Grace contacted our helpline seeking advice around a DBS check which, was being carried out by a potential employer.
She explained that approximately 3 years ago she had received a caution for child neglect and had been placed on the children’s barred list by the DBS. She went on to say that, having been offered a job as a functional skills tutor in an adult education college she was dismayed to discover that the college intended carrying out an enhanced and barring DBS check. Grace told the advisor:
“I’ve got no problem in disclosing my caution, in fact I’ve already done that. I had assumed that as I would be working with adults I would only need a basic DBS check. Being on the barred list means that I would be breaking the law if I applied for a job working in regulated activity with children and I’m really worried that the college will ask for a check of both the adult and children’s barred lists.”
The helpline advisor asked Grace to provide him with a copy of the job description and, having read through it, confirmed that the role would only require a basic DBS check. He provided her with links to our information on eligibility, which she could share with the college together with details of how to challenge an ineligible DBS check. The advisor explained to Grace that when applying for jobs covered by the Rehabilitation of Offenders Act which only require a basic check, there was no need for her to disclose her caution.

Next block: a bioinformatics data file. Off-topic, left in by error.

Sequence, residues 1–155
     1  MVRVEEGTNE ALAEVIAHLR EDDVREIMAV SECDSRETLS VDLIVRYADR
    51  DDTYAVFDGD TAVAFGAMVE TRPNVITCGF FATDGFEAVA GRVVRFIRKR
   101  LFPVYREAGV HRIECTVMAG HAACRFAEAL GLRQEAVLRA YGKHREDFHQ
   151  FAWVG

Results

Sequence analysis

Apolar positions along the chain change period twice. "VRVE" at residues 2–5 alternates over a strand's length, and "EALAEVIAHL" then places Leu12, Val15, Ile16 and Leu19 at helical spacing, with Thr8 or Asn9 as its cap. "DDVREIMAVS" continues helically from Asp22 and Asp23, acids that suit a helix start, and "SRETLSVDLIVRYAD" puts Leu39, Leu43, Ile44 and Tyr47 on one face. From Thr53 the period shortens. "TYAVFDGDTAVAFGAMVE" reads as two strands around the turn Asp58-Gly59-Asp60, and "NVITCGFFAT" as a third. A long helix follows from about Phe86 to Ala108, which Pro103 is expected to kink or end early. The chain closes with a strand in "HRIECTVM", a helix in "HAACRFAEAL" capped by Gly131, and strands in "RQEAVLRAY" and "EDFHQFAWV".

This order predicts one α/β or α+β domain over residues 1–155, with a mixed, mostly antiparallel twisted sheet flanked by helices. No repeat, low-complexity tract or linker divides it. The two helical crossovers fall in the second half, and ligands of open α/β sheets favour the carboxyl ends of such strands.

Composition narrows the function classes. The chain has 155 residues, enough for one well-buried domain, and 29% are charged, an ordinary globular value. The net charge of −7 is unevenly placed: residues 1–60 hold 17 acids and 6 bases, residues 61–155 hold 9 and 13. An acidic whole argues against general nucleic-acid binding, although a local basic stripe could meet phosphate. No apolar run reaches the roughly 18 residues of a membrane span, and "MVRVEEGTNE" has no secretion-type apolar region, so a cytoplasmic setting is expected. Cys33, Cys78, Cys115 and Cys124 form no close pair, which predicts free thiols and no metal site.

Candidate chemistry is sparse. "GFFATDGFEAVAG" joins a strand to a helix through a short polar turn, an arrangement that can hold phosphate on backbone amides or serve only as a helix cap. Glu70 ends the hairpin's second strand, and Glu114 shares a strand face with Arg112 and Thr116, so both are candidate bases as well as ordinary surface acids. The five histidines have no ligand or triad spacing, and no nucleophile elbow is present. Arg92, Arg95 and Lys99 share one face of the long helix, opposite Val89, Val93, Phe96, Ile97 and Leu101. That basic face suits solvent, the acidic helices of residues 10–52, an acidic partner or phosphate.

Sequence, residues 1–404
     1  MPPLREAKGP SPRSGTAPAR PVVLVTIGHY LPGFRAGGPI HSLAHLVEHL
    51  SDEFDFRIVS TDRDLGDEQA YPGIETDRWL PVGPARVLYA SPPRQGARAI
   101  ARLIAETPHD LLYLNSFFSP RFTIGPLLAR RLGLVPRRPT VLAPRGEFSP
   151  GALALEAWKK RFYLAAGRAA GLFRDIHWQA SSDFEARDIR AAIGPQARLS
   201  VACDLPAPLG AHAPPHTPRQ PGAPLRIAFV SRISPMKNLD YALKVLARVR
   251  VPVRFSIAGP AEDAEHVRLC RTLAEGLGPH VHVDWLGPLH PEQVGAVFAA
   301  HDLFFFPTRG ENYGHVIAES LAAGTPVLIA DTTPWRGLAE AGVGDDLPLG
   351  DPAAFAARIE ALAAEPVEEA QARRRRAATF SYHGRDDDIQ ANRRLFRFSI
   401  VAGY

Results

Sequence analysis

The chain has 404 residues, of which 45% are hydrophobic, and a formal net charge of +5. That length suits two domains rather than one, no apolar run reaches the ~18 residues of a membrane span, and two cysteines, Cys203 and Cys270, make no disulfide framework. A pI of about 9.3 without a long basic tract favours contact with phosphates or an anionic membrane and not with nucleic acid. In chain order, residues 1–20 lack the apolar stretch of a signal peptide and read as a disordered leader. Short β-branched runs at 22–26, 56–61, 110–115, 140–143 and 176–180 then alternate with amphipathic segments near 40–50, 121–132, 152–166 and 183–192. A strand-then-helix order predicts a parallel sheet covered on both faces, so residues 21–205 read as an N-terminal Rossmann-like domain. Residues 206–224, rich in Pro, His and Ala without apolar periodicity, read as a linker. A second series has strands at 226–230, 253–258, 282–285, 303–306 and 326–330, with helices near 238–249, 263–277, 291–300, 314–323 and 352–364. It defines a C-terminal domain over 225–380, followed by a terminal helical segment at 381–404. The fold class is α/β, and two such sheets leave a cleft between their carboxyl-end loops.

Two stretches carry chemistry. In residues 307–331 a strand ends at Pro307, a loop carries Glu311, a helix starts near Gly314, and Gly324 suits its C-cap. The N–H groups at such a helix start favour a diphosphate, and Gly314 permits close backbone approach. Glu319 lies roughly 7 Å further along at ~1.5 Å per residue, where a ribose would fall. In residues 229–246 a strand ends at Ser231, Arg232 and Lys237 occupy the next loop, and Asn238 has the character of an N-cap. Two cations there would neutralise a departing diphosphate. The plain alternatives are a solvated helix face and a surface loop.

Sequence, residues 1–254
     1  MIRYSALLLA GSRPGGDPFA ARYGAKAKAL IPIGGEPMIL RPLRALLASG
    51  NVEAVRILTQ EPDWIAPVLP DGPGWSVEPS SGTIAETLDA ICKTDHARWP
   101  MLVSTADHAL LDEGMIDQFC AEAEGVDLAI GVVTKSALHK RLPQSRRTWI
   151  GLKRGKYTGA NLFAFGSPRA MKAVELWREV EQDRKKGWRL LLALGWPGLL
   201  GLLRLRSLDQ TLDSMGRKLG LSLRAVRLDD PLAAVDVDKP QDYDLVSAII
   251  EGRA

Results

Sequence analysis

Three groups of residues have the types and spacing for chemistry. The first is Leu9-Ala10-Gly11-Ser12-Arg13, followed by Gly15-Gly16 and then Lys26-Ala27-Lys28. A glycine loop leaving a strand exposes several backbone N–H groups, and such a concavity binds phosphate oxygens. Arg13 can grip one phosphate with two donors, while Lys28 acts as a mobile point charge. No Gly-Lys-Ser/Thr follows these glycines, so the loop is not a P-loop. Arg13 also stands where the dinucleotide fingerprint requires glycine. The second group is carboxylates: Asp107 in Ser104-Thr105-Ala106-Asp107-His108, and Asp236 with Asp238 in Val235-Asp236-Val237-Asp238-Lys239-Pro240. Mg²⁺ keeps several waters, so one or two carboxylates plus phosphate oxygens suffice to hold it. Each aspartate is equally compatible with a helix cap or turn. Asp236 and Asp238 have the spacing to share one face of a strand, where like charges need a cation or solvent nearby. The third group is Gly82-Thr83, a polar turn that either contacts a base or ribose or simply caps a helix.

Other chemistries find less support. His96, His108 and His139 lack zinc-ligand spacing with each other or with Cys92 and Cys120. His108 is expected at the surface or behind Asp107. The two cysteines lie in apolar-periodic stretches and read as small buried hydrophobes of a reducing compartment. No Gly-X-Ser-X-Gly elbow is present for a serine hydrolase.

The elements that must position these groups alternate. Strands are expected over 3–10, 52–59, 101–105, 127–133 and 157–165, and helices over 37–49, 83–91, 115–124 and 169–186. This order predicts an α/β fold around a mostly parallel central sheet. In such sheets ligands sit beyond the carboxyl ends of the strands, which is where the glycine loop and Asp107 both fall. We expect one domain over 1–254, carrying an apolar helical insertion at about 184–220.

Several weeks later Grace contacted the helpline again with an update. After arranging an appointment with the college HR department, Grace had provided them with a copy of Unlock’s information as well as the online DBS eligibility checker. On reviewing the information, the college accepted that the role was only eligible for a basic check and apologised to Grace for their mistake. They promised to delete all information they held which related to her caution.
Many employers become confused when trying to establish the correct level of DBS check they need to carry out and it is good to see employers like this who are willing to reconsider their decisions around eligibility and put things right when they get it wrong.
However, this isn’t always the case and, had the college gone ahead and applied for an enhanced with barring check this could have had serious consequences for Grace who would have been acting unlawfully by applying for a job working in regulated activity when barred.
Notes about this case study